How To Construct a Defensive Metric
September 24, 2008 2 Comments
If we are given sufficient detail in the play by play, defensive stats would be a compilation of not only putouts, assists and errors, but also of hits, doubles, triples, homeruns, extra bases by runners, etc., which are charged against each fielder. Then, to provide proper context, these observed values are compared to the expected values of the collection of batted balls that were hit to each fielder.
Whether they are soft grounders to short or line drives in the gap, each play is described as to whether it’s a hit our out, where it is hit, how hard, whether it’s a fly or grounder, etc. Plays with the same description are grouped, and then the probability of each grouping being an out, error, single, double, triple or homer is calculated. By counting the number of each type of play each fielder is presented with, and then multiplying those sums by the probability distribution of each type, the expected number of outs, hits, etc for each fielder are derived. Typically, the difference between the observed and expected values is expressed by subtraction as a plus or minus number of plays, or as a ratio.
This is one of the places where I a favorite tool, which I call the “Inverse James Function”. The ever brilliant Dan Fox gave a rundown of James’ original log5 method at The Hardball Times
ExAvg = ((BAVG * PAVG) / LgAVG) / ((BAVG * PAVG) / LgAVG + ((1-BAVG)*(1-PAVG)/(1-LgAvg))
Bill James introduced this in the 1981 Baseball Abstract to answer the question “Given a certain batter and a certain pitcher, in the context of the league mean, what should the result be?”
My inquiring mind twisted this around to ask “What if ExAvg is instead what I observe. I know LgAVG and can calculate PAVG as the expected value. Then if I solve for BAVG I have the true value of B in the context of P and L.” Changing ExAVG to ObsAVG and solving for BAVG, the formula becomes
BAVG = (ObsAVG*LgAVG*(1-PAVG))/(ObsAVG*LgAVG+(PAVG*(1-LgAVG-ObsAVG)))
I have used this formula as the core for my Park Factors, comparing the observed home values to the expected road, and also for MLEs, comparing the observed minor league value to the expected major league.
Basically, the formula expresses the ratio of the observed to the expected, multiplied by the mean, but it’s constructed so that the result will never be less than 0 or more than 1. If Obs = Exp, then R = Lg. If Obs > Exp, then R > Lg, and if Obs < Exp, then R < Lg.
Count every batted ball?
Everything gained by the offense is allowed by the pitching and defense. Philosophically, we can take a top-down approach that also states that the team stats are the sum of the individuals on the team. DER, as a team statistic, uses all batted balls, but individual defensive metrics like ZR and UZR exclude popups. PMR, SFR and OPA take everything into account, but PMR doesnít breakout the results, such as separate ratings for groundballs and popups.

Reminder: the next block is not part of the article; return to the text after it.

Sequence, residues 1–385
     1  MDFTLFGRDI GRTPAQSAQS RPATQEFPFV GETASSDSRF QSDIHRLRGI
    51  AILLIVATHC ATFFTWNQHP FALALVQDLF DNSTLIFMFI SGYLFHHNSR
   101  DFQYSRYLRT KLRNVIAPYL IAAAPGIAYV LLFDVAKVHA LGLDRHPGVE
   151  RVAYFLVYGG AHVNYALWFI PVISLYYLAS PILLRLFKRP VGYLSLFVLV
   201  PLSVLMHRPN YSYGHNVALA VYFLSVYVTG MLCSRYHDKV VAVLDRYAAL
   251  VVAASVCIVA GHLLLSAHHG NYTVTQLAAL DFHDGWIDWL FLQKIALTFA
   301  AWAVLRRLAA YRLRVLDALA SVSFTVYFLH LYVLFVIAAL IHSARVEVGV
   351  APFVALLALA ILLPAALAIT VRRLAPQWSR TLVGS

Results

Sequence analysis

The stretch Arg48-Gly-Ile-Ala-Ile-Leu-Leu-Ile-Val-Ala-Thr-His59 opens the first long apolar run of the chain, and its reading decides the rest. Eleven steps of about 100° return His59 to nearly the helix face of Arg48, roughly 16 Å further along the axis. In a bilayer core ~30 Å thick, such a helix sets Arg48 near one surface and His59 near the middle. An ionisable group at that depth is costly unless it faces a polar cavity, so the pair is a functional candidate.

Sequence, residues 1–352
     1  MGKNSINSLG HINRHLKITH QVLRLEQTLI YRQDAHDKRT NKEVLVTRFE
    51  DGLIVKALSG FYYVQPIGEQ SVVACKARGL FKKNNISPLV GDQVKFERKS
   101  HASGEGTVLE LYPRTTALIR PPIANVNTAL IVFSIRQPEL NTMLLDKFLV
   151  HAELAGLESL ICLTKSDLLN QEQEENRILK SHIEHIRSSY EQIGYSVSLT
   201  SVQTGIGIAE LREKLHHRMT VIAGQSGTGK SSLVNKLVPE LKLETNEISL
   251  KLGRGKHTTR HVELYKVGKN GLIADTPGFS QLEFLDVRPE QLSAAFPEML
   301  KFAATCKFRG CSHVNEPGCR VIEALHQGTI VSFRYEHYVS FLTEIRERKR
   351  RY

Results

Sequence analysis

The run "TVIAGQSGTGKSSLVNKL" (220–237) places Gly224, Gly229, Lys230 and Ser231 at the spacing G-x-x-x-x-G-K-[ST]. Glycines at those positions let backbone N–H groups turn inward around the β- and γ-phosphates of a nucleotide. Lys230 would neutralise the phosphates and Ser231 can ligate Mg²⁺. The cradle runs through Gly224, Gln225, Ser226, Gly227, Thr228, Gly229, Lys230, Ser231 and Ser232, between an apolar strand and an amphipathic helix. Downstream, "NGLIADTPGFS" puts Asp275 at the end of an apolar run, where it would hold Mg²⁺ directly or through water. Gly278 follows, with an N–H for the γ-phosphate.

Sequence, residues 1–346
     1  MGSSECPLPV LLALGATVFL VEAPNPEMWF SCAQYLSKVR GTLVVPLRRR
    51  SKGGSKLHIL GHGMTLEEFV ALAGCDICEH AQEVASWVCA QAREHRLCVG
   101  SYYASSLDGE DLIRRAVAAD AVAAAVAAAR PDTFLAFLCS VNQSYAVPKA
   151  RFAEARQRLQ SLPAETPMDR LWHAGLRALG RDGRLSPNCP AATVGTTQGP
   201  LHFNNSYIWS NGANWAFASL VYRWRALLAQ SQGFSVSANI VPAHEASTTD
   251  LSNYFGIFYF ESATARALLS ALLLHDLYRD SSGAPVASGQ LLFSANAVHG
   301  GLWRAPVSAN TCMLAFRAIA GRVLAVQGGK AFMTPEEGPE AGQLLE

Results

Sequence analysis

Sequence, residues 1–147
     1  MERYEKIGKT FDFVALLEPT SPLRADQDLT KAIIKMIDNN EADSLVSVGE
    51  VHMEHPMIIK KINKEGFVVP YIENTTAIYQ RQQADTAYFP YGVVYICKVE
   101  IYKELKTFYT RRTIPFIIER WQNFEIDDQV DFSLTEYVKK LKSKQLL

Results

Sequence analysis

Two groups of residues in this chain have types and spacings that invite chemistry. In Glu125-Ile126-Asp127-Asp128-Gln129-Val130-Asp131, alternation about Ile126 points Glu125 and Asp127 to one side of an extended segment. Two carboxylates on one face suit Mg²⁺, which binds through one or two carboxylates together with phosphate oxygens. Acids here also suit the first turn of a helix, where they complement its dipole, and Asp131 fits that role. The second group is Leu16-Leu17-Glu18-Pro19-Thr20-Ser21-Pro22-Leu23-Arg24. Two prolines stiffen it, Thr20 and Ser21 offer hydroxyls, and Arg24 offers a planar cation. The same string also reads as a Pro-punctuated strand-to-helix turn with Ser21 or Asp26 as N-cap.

Account for every base?
DER and it’s derivative ZR are measure the percentage of batted balls that are made into outs, and so are analogous to batting average. They do not consider extra base hits, such as in slugging average. It is a defensive skill, a combination of positioning, range and arm, to keep a batter from stretching a single into a double, or a double into a triple. When evaluating the ability to keep baserunners from advancing, we can use a weighted mean of every groundball and flyball by base and out situation.
I think Dan Fox is also clairvoyant, as he seems to have stolen all my best ideas. His Simple Fielding Runs (SFR), as well as Pizza Cutterís OPA! are two metrics which are capable of all these things. As both were designed to evaluate Retrosheet play by play data, they have the flexibility to handle most any kind of data input, calculating expected values on the weighted means of whatever play descriptions are available. I suggested to Dan that he could us GameDay data with SFR, and he was able to produce minor league ratings for 2007. This flexibility can also be a weakness, as the generated ratings are only as good as the preciseness of the play by play data being input. Therefore, not all SFR or OPA! ratings, even with the same sample size, have the same level of certainty, as this is dependant on the source of data, although this fades with large enough sample sizes. Given the same input data as UZR or PMR, SFR and OPA! should give equivalent results, but SFR and OPA! can give results when less than optimal play by play is all that is available.
One other neat thing Pizza Cutter has done with OPA! is the ability to rate infielders on different skills used to make outs, such as range, hands and arm. Each is expressed in terms of runs, so that they can be added to a grand total as well as listed individually. The components can also be scaled, such as 1-10 or A-E. Then you can say that Derek Jeter has a range of E, but an arm of A, which still adds up to a poor shortstop.
With detailed play by play now available for all levels of professional baseball, the ability to measure defensive performance is light years ahead of just a few years ago. There are still a few tweaks to the scorekeeping that can eliminate most or all of the need for estimations, and there are also the more major upgrades like fielder locations and batted ball trajectories that may take more time to realize. Iíve commented on several of the metrics currently available. They all have a lot to like, but still have some limitations. Letís not stand still, thereís still a lot of development to be done.